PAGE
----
From our city streets to national parks, public spaces across the United States look much different today than they did just a few months ago. Many remain closed or empty while others have been drastically altered in the wake of the ongoing fight against COVID-19.
While focus has largely been centered around business and economic impacts, there have been equal if not added implications in the public sector. School districts are having to rapidly scale distance learning solutions. The closure of state motor vehicle authorities and courthouses has meant basic civil services from driver’s licenses to divorce filings have been suspended, and unemployment departments remain overwhelmed by unprecedented demands.
Across the country, Americans are understandably eager for a return to normal. But the reality is, until both testing and vaccinations are readily available, public life will have to continue to look a little different than what we’re used to.
As a result, leaders in both private and public sector face some challenging decisions around when and how to begin reopening in a way that protects public health — and what role technology will play in enabling this shift.
Not far from where I live, the city of Westport, Connecticut recently made headlines with their participation in a Draganfly drone pilot program. Following models outlined in Australia, the drone was equipped with cameras designed to not only regulate social distancing, but also to aid in early detection by monitoring temperatures, heart rates and respiratory rates from a distance of up to 190 feet.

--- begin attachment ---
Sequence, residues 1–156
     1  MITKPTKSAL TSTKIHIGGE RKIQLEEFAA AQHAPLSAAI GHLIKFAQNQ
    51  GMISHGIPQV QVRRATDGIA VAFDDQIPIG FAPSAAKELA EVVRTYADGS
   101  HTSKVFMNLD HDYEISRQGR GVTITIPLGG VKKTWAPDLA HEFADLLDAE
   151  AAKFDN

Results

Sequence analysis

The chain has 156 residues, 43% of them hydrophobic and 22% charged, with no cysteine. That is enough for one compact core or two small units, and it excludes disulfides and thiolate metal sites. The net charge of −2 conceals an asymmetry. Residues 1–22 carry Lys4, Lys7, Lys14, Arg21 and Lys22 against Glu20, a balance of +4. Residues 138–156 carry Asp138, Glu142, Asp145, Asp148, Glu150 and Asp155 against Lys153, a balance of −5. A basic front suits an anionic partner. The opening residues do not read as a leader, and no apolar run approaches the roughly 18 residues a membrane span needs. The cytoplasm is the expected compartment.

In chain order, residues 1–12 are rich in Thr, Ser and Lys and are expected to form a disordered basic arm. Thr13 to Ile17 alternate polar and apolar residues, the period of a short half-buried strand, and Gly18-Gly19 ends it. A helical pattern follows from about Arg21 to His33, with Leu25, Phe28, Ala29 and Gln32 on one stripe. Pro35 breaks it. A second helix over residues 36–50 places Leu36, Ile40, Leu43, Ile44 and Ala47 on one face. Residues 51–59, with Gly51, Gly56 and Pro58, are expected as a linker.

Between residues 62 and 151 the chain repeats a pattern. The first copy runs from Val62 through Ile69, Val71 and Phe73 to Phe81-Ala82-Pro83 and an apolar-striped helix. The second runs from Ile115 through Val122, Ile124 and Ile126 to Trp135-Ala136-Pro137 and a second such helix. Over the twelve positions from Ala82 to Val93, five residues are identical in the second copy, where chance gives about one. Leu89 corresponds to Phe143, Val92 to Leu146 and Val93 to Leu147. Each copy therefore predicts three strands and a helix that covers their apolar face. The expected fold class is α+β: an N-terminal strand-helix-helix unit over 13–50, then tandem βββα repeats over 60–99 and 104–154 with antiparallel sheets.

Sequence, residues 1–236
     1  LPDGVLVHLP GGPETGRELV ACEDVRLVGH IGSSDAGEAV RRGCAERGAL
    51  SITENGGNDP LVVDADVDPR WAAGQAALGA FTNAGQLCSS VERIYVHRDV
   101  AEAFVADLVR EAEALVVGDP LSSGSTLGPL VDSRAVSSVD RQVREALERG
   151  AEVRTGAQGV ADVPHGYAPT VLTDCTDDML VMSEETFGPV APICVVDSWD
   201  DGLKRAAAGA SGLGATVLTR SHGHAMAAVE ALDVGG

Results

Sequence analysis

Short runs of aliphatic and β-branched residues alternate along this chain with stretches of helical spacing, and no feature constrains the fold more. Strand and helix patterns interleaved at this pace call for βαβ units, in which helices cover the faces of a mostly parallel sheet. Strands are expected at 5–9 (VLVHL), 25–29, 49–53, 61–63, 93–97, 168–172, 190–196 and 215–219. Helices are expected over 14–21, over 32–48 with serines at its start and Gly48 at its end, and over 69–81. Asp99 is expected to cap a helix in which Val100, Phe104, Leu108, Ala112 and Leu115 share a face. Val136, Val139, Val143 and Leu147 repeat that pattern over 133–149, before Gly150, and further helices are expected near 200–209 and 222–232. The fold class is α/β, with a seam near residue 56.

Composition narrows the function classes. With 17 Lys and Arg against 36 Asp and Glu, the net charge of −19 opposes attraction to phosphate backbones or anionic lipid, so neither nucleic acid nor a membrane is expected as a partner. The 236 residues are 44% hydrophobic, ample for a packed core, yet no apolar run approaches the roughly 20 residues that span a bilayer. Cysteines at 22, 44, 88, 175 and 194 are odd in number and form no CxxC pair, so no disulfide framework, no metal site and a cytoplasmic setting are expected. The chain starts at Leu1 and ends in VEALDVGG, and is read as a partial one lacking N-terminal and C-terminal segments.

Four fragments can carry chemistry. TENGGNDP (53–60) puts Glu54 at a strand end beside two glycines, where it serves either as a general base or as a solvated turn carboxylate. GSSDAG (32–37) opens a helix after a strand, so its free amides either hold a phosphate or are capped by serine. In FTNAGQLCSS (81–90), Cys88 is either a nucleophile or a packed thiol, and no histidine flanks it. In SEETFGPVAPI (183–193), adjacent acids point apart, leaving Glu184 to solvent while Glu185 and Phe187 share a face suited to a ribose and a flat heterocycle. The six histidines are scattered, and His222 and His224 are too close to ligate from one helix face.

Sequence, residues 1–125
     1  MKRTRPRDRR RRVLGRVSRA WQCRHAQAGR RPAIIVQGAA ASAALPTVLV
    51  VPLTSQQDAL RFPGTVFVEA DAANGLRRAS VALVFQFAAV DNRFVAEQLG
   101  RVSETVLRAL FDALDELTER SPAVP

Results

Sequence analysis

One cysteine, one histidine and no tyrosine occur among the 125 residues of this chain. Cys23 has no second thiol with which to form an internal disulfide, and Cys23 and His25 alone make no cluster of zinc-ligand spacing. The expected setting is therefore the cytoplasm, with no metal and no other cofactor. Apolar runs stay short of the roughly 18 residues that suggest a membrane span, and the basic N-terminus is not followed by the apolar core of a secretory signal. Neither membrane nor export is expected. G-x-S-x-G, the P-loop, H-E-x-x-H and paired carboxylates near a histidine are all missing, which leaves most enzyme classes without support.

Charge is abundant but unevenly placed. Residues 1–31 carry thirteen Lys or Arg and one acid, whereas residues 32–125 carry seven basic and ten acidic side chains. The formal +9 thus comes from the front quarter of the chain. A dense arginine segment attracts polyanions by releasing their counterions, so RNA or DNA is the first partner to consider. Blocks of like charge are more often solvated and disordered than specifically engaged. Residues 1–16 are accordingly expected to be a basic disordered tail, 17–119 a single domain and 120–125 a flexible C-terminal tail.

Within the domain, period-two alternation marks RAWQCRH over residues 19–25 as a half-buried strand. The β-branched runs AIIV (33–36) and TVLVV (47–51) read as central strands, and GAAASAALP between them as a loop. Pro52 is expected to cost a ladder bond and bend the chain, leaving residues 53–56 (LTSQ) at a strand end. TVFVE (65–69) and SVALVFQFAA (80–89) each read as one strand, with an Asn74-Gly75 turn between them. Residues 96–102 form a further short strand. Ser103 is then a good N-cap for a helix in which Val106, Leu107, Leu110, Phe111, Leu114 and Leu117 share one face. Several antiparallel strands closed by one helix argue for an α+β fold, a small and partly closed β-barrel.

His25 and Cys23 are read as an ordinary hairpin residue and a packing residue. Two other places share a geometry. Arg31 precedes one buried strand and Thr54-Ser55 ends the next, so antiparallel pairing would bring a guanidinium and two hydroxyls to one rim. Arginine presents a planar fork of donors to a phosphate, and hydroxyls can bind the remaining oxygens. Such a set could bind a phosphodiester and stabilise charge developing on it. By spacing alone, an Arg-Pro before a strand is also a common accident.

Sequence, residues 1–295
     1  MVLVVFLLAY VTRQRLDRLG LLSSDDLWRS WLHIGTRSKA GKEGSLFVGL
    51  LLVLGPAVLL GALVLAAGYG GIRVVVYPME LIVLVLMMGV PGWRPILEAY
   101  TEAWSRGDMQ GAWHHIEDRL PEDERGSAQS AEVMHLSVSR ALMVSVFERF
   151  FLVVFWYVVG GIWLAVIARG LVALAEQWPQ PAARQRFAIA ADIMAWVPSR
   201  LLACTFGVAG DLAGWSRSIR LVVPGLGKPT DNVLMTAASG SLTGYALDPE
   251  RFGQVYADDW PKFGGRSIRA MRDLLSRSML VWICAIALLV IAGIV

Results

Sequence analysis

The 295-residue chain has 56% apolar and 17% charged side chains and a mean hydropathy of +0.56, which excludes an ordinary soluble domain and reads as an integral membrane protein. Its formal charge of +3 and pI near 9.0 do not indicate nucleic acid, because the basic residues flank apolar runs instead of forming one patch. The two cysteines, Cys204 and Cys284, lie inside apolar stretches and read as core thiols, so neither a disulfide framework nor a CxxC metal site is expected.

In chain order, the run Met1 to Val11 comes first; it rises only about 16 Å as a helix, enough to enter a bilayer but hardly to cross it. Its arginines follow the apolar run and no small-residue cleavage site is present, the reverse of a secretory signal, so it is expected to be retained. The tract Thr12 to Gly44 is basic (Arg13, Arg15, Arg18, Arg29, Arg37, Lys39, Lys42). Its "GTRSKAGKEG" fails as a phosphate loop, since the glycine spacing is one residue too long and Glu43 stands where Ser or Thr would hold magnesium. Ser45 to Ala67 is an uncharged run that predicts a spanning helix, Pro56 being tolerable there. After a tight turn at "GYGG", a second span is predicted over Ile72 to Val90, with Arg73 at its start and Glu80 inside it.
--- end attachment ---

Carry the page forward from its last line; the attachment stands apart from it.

After initial excitement about the potential for a return to public life, the program was quickly shut down — not as a result of technical failure, but due to privacy concerns from citizens.
This is an extreme example, but it offers a valuable snapshot of the types of discussions we face in the coming months and years. We have the technology readily available to regulate social distancing, remotely monitor symptoms and conduct extensive contact tracing. But, particularly in the public sector, the conversation quickly becomes one not of ability, but responsibility.
Fortunately, a wide range of technologies and approaches are available to help agencies and organizations manage data in a way that helps protect public health while respecting individual privacy.